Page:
On January 1, 2016, the Southern Fried Science central server began uploading blog posts apparently circa 2041. Due to a related corruption of the contemporary database, we are, at this time, unable to remove these Field Notes from the Future or prevent the uploading of additional posts. Please enjoy this glimpse into the ocean future while we attempt to rectify the situation.
It is a trope long held that there are some *problems* with the ecosystems of the Star Wars universe. The worlds of Star Wars are monobiomes. We have the desert planets of Jakku and Tatooine; the ice planet of Hoth; the forest moon of Endor; the jungles of Yavin IV; the lava world of whatever that mess was in Revenge of the Sith. This is, of course, not limited to Star Wars, science fiction is resplendent with monobiomes. But natural worlds are not uniform. Diversity builds over distance. Isolation shapes and reshapes population. Ecosystems do not generally strive to approach a global equilibrium state.
Even though all known viable planets have ecosystem diversity, this trope continues to dominate popular science fiction. We love monobiomes.
But what if the trope is right?
Almost 100 years ago, Soviet astronomer Nikolai Kardashev proposed an eponymous scale to classify civilizations. Roughly, a Type I Civilization can capture or produce the same amount of energy equivalent to the solar insolation on Earth. A Type II civilization can produce the equivalent energy of its solar system (i.e. harness the full power of the sun). A Type III Civilization can do the same for all sun in its galaxy. We hover somewhere just south of Type I, but the Galactic Republic of Star Wars lies somewhere between a Type II and a Type III. Read More
Author’s note: this post is part of the “Science of Tatooine” blog carnival. Though obviously about science fiction and not the real world, it includes real ecological theories, and it uses some real peer-reviewed scientific papers as references. Whenever possible, I’ve linked to accessible copies of those papers and explainers of these ecological terms. Many of the same issues are associated with shark population declines.
Predators play an important role in structuring ecosystems, with predator population declines being linked to a variety of negative ecological effects. Here, we present evidence that the planet Tatooine, famous throughout the Galaxy for being a desert planet, experienced desertification as a result of unintended changes in herbivore populations caused by the intentional large-scale killing of apex predators by offworld colonists. Fossil evidence and interviews showing traditional ecological knowledge suggest that once-abundant Krayt dragons were hunted to near extinction by early human colonists. As a result of the decline in predation, populations of large herbivorous banthas populations grew out of control and overgrazed the plants once found throughout Tatooine.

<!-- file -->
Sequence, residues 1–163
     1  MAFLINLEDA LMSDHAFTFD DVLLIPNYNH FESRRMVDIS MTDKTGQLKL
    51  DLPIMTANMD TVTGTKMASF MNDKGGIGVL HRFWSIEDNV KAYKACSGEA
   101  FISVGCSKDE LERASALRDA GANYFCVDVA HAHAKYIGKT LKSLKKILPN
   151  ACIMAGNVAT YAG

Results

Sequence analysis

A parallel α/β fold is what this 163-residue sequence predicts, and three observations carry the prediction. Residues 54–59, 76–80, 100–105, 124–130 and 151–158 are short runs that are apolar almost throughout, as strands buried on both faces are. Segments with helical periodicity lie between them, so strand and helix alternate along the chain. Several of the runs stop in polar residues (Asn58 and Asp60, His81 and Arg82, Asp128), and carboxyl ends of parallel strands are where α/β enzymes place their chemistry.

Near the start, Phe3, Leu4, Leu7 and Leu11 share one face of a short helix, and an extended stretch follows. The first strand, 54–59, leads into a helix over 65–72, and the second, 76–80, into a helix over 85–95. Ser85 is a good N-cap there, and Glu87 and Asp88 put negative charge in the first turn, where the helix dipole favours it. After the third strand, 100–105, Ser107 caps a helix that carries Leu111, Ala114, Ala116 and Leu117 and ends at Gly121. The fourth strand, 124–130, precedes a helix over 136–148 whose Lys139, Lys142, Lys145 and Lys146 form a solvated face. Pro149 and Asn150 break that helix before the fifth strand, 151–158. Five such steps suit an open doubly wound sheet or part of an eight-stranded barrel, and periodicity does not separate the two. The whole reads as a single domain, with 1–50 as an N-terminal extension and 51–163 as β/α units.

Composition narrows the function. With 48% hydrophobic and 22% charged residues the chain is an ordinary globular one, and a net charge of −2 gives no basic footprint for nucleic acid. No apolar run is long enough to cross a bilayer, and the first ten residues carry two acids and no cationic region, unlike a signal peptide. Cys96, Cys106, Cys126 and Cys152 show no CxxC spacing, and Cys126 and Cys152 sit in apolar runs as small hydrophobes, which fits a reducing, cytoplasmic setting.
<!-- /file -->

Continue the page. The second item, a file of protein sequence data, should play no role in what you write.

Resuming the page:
Studies of numerous ecosystems have consistently shown the importance of intact populations predators to healthy ecosystems, with a recent review (Estes et al. 2011 “trophic downgrading of planet Earth”) noting that “the loss of apex consumers is arguably humankind’s most pervasive influence on the natural world.” Population declines of top predators can cause a trophic cascade, resulting in unintended consequences that ripple through a food chain. Sea otter population declines in the Pacific Northwest of the United States resulted in predation release of otter prey (sea urchins), and an overabundance of sea urchins destroyed entire kelp forest ecosystems by overgrazing (Estes et al. 1998 “killer whale predation on sea otters linking oceanic and nearshore systems.) Wolf population declines in Yellowstone National Park resulted in predation release of wolf prey (elk,) and an overabundance of elk destroyed aspen pine forests by overgrazing (Ripple et al. 2011 “trophic cascades among wolves, elk, and aspen on Yellowstone National Park’s northern range.”) Ecosystem-wide effects stemming from the loss of predators has also been listed as the proximate cause of disease outbreaks (Pongsiri et al. 2009 “biodiversity loss affects global disease ecology,”), increasing destructive wildfires (Perrings et al. 1997 “biodiversity resilience and the control of ecological-economic systems: the case of fire-driven rangelands,”) and overall biodiversity loss (Paine 1969, “Pisaster-tegular interaction: prey patches, predator food preference, and intertidal community structure.”)
Though the planet Tatooine in the Tatoo system of the Outer Rim is known by researchers to have once been covered by oceans and lush vegetation, it is commonly known now as a desert planet (source). While it is famous in Republic circles primarily for being the home of Jedi Master Skywalker, Tatooine also has native sentient species, including Jawas and Tusken Raiders (the latter are derisively referred to by locals as “sand people” ). Native non-sentient animals include banthas (large herbivores used as beasts of burden) and the now mostly extinct Krayt dragon (a large predatory species that fed on banthas).